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Chief accounting officers are the corporate finance department’s new VIPs. Their numbers have grown thanks to the rising cost and intricacy of regulations, and their duties have expanded beyond managing the books.
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Gradual then sudden, that is how Digital Disruption happens. Airbnb and hotel industry, iPhone and Kodak, Uber and taxi cabs. Now there is Facetime your doc and this new AI app for lawyers - note: What is around the corner for CPAs

Peter Diamandis adds: "Its built-in LegalRank algorithm intelligently prioritizes results -- for example, Supreme Court cases rank higher than local decisions.
Why it's important: Law firms currently spend $9.5 billion on research per year, and attorneys spend nearly one-fifth of their working hours on legal research. Thanks to IBM Watson's open developer platform, this app uses cognitive computing and AI to demonetize these expenses and billed hours, dramatically accelerating the pace of research."

The flip side is that there are tremendous opportunities for CPAS who embrace these new Digital Tools and Cloud technologies to find new ways to add value.

Using the same IBM tech that let a computer beat humans at Jeopardy, a new tool could put an end to legal gruntwork.
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Some great advice...
1. Calm your mind - take time for reflections amid the busyness.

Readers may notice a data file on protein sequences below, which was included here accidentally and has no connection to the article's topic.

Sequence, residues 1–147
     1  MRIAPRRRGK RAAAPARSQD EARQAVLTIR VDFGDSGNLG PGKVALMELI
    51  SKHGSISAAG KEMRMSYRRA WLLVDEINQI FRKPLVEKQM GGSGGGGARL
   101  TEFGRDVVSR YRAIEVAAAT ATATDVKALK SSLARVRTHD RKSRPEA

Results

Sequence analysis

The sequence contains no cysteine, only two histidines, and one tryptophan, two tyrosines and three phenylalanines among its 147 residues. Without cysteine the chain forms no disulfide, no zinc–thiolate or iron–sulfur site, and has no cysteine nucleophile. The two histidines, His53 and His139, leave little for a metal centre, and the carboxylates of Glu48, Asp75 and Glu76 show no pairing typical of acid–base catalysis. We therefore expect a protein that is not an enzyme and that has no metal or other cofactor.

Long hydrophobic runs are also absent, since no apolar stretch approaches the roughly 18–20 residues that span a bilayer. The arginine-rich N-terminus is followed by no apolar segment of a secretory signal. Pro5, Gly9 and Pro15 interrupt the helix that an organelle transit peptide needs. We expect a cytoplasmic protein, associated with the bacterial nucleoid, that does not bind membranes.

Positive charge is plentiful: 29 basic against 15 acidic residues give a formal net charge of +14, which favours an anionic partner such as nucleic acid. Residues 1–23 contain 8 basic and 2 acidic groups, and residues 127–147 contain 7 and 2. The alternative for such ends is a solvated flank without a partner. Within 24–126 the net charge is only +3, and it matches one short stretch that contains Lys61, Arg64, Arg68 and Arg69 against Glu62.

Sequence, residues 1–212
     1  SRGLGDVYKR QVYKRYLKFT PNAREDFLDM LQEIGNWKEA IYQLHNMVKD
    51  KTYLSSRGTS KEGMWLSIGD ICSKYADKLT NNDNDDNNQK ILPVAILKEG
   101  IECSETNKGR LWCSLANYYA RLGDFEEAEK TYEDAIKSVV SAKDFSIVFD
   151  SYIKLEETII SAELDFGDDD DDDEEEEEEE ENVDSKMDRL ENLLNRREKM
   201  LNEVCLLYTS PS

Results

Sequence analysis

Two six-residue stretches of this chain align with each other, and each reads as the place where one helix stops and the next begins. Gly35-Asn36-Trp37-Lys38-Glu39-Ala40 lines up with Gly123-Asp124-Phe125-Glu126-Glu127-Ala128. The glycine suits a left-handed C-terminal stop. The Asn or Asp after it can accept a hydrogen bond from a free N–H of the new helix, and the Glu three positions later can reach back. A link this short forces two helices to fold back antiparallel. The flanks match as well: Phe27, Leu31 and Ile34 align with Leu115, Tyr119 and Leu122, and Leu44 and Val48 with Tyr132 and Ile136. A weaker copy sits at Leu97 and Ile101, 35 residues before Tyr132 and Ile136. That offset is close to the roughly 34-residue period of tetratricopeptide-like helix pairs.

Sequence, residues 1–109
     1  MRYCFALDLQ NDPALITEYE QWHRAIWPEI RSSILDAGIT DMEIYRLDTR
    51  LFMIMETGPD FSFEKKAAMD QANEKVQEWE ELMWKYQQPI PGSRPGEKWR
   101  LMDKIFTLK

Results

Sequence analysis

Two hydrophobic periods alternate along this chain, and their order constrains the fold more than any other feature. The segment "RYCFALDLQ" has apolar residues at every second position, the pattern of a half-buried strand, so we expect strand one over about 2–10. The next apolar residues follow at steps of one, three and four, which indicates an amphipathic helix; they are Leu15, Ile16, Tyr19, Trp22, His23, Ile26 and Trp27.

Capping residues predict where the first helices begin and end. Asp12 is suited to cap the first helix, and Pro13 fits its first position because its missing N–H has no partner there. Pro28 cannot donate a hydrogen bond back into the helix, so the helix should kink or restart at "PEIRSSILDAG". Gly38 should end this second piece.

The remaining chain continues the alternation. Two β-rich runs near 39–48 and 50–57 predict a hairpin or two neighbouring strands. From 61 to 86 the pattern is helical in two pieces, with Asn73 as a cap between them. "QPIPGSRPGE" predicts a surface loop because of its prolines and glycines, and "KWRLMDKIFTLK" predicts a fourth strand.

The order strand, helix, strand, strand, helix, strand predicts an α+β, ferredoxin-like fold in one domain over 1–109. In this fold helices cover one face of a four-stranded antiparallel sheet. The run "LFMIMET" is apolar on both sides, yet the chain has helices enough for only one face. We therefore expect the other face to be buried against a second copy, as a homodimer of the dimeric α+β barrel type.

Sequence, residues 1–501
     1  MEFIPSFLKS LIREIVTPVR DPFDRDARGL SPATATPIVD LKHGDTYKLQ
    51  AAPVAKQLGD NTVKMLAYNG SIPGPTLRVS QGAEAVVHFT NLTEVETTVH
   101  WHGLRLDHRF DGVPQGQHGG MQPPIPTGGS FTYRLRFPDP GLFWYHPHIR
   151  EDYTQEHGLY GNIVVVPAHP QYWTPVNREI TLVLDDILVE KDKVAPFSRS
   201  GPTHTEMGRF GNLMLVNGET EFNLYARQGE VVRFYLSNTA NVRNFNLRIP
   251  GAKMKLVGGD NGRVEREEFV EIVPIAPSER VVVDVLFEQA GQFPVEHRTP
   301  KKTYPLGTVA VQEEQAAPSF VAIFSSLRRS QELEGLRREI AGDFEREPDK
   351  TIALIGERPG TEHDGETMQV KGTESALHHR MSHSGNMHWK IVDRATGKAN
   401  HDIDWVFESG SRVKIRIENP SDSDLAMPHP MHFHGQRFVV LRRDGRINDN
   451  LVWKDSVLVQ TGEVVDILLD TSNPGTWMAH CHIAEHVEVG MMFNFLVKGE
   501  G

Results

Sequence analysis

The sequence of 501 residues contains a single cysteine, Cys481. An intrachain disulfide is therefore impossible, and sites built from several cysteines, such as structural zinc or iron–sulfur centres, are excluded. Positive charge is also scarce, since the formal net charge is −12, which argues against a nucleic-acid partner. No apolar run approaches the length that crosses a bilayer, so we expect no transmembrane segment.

2. Log moments of joy - notice this moments of joy and happiness.
3. Wish other people happiness - pay it forward, practice civility, volunteer, etc.
To improve the well-being of its workers, Google employed one of its engineers to increase happiness. David G Allan tried out his three-step plan – does it work
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Ash Noah of the CGMA makes some excellent points here. I agree with the big three areas of Data Analytics, People Management, and Disruptive Technologies which leads me to say the critical skill is one we have been working on, anticipation. He doubles down on "success skills" , when he says "Leadership, people, and business skills are absolutely crucial to the future of the CFO function.

The most profound insight for me is the acknowledgement that we are in a new normal where value creation is fundamentally shifted which means CFOs have to be adept at business models, innovation and managing risk in a "transient advantage" economy (per Rita McGrath). 
To succeed from here on, CFOs will need to shift their focus towards analytics, people management, disruptive technology, and several other crucial and newly forming variables.
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How to make the "shift change" in your business model?

The pressure to innovate when you face strong headwinds of competition and disruption can cause you to make a bad move in search of revenue. Start with your "why" and begin to look deeply for what your true strengths are and how they can be redeployed to your customer base and adjacent customers and markets.